YouTube’s business plan — revealed

September 4, 2007

News:  Here are my preliminary thoughts on YouTube’s business plan, i.e., how it hopes to make a profit.

1.  Continually attract millions of viewers, users, and video creators to YouTube

2.  Join forces with Google to incorporate YouTube videos in all basic Google searches (thereby helping to serve No.1 priority above), and to deploy Google ads on YouTube’s site.  (Because of potential secondary liability under copyright law, Google ads can’t be fully integrated on YouTube, particularly not with videos that constitute copyright infringement).

3.  Strike revenue-sharing deals with key “partners” of YouTube who are under contract with YouTube and who supply content to YouTube; such quality content more likely to generate views and more desirable for ads

4.  Deploy sleek ads within and at bottom of select videos (“InVideo ads”) created by YouTube partners (some individual creators and some corporate creators).  This last prong is what YouTube is testing out right now, and what YouTube is banking on.  Higher click-through rate for these ads means YouTube can charge more for these ads than regular Google text ads.

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YouTube shuts down InVideo pop-up ads in YouTube videos

September 4, 2007

News: As far as I can tell, YouTube has shut down the InVideo pop-up ads that it started deploying back in July. I can’t find the pop-up ads anymore on the partner YouTube videos that first had the ads, such as LisaNova, Smosh, and My Chemical Romance.

Analysis: There are several possibilities about what YouTube is doing: (A) YouTube’s rethinking/reworking the ads in light of YouTubers’ mostly negative comments submitted on YouTube’s blog; (B) YouTube’s afraid of VideoEgg, which claims to have developed the ad technology first and applied for a patent on it; and (C) YouTube’s just gearing up for a full deployment of InVideo ads (the earlier ones were a test run).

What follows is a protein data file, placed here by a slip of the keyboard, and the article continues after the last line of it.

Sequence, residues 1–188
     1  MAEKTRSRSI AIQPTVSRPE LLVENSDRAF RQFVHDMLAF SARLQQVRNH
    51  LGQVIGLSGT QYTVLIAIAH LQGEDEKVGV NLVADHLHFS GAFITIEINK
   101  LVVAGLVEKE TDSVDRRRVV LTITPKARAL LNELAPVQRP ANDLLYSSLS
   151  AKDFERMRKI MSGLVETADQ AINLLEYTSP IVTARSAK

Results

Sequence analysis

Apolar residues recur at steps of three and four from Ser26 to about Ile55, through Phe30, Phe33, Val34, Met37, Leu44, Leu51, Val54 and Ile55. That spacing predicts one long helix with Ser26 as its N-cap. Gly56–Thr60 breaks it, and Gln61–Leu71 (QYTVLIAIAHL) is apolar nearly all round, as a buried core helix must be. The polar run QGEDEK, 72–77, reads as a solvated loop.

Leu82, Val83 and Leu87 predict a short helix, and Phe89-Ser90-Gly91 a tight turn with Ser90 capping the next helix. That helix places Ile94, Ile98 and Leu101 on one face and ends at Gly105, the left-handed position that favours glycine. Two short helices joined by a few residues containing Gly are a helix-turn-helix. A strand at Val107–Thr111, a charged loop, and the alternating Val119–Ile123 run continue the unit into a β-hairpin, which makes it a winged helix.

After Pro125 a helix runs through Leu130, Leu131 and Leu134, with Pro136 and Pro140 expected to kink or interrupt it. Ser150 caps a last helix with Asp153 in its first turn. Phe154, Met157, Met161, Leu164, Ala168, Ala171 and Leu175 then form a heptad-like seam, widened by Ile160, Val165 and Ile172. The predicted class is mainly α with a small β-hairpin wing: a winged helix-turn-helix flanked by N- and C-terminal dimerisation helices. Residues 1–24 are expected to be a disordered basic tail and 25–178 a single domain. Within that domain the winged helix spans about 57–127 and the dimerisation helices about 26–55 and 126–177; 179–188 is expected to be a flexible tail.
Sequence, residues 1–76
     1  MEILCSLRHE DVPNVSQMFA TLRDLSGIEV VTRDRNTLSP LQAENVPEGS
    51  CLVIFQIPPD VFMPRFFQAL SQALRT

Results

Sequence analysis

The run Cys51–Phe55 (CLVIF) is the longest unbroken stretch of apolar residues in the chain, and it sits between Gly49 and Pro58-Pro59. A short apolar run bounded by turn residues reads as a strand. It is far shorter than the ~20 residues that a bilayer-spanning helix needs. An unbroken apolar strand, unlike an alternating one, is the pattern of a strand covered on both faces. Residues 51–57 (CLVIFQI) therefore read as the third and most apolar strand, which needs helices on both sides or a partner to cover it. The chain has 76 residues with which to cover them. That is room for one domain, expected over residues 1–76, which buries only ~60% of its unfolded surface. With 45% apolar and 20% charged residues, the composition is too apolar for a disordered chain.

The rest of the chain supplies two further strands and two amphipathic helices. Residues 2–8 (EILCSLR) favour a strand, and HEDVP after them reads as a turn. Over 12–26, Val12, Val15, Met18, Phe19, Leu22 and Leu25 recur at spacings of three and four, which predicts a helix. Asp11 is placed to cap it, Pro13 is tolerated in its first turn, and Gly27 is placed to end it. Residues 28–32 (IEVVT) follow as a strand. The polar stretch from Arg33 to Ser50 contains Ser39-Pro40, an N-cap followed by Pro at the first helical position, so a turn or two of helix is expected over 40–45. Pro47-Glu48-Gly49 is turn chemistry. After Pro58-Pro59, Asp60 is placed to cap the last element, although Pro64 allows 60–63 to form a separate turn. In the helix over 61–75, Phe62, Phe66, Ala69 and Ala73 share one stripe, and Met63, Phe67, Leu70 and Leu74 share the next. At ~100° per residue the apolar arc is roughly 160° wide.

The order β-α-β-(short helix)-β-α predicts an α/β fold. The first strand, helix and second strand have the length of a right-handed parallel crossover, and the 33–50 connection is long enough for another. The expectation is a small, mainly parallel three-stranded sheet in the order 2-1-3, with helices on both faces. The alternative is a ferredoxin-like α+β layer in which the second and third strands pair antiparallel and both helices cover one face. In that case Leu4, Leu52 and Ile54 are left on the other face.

I think the correct answer is probably (C).

Meanwhile, a Google rep is quoted in papers today touting the success “hit rate” of the InVideo ads, which get “between five and 10 times as many” clicks “compared with the number who view regular display ads — banners or boxes on Web pages.” (More)


Australian PM Howard makes YouTube video to ask for good behavior before APEC meeting w/ Bush

September 4, 2007

News:  Downtown Sydney near the meeting place of the APEC conference already has been fenced off.  Now, Prime Minister John Howard has posted this video on YouTube to explain all the security and discourage any violent protests. 

As the narrator on the video remarks, “Violent protesters will most probably target APEC. There will be other protesters who will do so peacefully but for those who don’t and seek to disrupt APEC, there will be significant policing and security responses taken.”  (More)